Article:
Even if I’m completely wrong, though, it makes sense to establish parameters on this self-interest. We do this occasionally with things called laws, but I’d like to do this with this thing called responsibility.
I mean, we all already know that the invisible hand can’t do everything. Some would argue that government needs to step in to correct for certain externalities. The government doesn’t need to step in, we need to step up. If I refuse to buy a product because of its stupid ads, I can refuse to buy a product because of more noble reasons.
Maybe I’m too optimistic.
So far, I am just toying with the idea, but I think it deserves more consideration.
Those were the shittiest Super Bowl commercials ever.
First of all, I’ve seen practically all of those commercials before.
Memo to careerbuilder: Bring back the monkeys.
Sierra Mist: How can you have both Tracy Morgan and Jim Gaffigan in a commercial, and the commerical isn’t funny? This to me really represents why the commercials sucked.
The K-Fed commercial and rock, paper, scissors were the only ones I considered Super Bowl worthy.
Even most of the beer commercials were flat.
The game wasn’t that great either. There were like, what, 8 turnovers?
So, I have a cold. It started out with just a sore throat, and now that the sore throat is subsiding, my nose is beginning to run. Having emptied my tissue box before the start of this semester, I am left with blowing my nose with either napkins or toilet paper — mostly the latter. This isn’t just any ordinary toilet paper. It’s the free toilet paper we get everything Thursday, and it’s one-ply. I’ve been blowing my nose a lot. It’s starting to get really rough and does not feel very pleasant. Then, I suddenly had the thought: “If it’s doing this to my nose, what the hell is it doing to my ass?”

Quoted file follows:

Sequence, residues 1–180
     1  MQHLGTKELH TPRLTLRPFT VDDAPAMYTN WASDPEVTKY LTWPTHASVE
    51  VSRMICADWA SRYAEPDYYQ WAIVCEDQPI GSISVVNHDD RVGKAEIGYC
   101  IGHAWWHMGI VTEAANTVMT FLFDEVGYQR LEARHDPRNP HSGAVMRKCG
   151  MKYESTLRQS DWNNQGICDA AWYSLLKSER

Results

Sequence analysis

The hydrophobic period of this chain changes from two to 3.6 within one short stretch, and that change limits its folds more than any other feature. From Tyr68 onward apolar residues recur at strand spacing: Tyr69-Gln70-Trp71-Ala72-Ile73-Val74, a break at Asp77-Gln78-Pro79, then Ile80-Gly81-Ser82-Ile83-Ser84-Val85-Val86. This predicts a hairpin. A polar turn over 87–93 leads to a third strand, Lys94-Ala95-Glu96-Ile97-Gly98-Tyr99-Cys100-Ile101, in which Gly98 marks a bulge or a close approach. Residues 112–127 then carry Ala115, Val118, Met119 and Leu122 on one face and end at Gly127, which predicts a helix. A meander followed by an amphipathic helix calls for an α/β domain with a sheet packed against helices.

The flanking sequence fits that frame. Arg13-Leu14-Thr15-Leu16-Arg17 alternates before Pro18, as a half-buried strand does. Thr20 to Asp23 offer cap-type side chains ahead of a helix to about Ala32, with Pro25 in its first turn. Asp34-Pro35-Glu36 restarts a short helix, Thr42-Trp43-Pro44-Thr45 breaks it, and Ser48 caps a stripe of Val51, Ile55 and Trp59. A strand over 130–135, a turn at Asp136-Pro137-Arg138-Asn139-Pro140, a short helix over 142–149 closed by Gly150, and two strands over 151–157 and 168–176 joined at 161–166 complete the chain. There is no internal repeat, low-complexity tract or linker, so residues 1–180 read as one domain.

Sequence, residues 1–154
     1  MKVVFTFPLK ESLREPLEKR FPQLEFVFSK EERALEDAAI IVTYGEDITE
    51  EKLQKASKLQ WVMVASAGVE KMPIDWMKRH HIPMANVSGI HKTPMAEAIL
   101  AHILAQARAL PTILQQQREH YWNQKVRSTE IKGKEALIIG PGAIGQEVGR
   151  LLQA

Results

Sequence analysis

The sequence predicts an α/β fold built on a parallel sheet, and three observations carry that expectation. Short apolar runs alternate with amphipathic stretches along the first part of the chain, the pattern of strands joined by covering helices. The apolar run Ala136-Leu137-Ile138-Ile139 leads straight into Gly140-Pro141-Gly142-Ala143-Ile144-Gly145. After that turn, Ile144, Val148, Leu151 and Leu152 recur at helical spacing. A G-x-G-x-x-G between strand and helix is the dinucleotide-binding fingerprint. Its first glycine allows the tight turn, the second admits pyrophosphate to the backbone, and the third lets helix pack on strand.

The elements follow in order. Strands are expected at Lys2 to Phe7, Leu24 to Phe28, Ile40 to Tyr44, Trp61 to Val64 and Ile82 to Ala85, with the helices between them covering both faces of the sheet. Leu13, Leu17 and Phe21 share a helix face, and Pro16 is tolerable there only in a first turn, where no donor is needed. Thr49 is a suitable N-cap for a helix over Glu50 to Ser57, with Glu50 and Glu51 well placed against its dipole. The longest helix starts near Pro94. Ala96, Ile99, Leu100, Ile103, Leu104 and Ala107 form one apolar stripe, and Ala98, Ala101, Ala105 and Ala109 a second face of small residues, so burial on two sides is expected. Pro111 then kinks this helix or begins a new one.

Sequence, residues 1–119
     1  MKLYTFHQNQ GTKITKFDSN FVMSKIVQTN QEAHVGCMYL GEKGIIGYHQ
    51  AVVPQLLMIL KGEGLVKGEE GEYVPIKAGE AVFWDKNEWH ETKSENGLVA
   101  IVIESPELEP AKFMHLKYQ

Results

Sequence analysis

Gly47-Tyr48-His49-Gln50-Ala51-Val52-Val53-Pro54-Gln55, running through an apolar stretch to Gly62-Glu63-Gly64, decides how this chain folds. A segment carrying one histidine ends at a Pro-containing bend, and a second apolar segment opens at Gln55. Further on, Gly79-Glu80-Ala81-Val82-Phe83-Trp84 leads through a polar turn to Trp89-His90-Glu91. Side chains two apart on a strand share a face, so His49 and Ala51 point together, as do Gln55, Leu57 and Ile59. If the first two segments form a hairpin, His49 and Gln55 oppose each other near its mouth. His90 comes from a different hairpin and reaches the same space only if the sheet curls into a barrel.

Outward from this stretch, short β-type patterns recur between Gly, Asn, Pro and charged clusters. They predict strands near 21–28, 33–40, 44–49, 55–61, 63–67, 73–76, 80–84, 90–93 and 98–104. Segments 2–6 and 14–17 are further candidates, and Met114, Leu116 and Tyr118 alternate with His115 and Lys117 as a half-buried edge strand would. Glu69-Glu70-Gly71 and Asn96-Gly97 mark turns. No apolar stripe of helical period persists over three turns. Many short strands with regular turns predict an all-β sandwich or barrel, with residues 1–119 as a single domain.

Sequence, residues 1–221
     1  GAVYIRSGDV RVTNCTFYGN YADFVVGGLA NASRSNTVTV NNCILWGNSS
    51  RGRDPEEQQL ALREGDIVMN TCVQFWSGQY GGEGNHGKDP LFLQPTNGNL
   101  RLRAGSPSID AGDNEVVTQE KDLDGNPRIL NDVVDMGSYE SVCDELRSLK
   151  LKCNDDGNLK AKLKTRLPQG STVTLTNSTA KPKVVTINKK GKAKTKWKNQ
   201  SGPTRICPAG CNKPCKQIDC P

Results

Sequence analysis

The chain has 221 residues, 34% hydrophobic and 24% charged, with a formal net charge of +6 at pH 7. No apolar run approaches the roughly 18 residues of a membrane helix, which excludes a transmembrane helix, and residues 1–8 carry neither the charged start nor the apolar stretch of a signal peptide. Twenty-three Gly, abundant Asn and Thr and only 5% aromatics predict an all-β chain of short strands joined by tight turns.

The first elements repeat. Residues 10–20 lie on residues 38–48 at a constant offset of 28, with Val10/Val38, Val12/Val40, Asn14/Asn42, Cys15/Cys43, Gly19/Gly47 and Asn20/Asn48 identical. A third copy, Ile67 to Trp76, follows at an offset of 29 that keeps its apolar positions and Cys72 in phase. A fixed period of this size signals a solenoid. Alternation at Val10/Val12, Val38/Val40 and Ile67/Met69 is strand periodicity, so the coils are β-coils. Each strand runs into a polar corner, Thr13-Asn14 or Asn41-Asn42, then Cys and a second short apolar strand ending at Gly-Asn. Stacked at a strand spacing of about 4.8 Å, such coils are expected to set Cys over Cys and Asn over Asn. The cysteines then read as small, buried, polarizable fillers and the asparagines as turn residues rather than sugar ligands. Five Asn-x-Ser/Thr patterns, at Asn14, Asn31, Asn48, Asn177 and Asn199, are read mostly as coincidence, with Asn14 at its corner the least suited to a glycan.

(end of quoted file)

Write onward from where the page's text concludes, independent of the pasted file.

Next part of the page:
In other news, I am a comedic genius. Great minds think alike. Comedic genius is a type of great mind. Sarah Silverman used a joke very simliar to mine. Sarah Silverman is a comedic geinus. Ergo, I am a comedic genius. Let me explain.
In my notebook, I have a bunch of Chalkboard Manifesto comics, many of which I have not used yet. One of those has two people in it. The man is saying, “Sorry officer, I didn’t know how fast I was going….” The police officer replies, “… you’re parked in a playground.” In the episode of The Sarah Silverman Program that I recently watched, Silverman decides to drink cough medicine while driving a car, which leads to some interesting results. After she is talking to the policeman, we discover that she is… parked in a playground.
I have a question: Is it still okay to use my joke? After all, Silverman did not use the phrase “parked in a playground” and her set-up is different from mine. Furthermore, I did not get this joke from her; it’s been in my notebook since before 10/23/05.
On Bernie Sanders: “From a distance, he looked as if he could be homeless.” — The Socialist Senator.
From the NY Times, 51% of Women Are Now Living Without Spouse:
“‘Since women continue to outlive men, they have reached the nonmarital tipping point â€” more nonmarried than married,’ Dr. Frey said. ‘This suggests that most girls growing up today can look forward to spending more of their lives outside of a traditional marriage.’â€
I’m not sure how to comment on this, other than I find traditional marriage appealing, but then again, I am a man.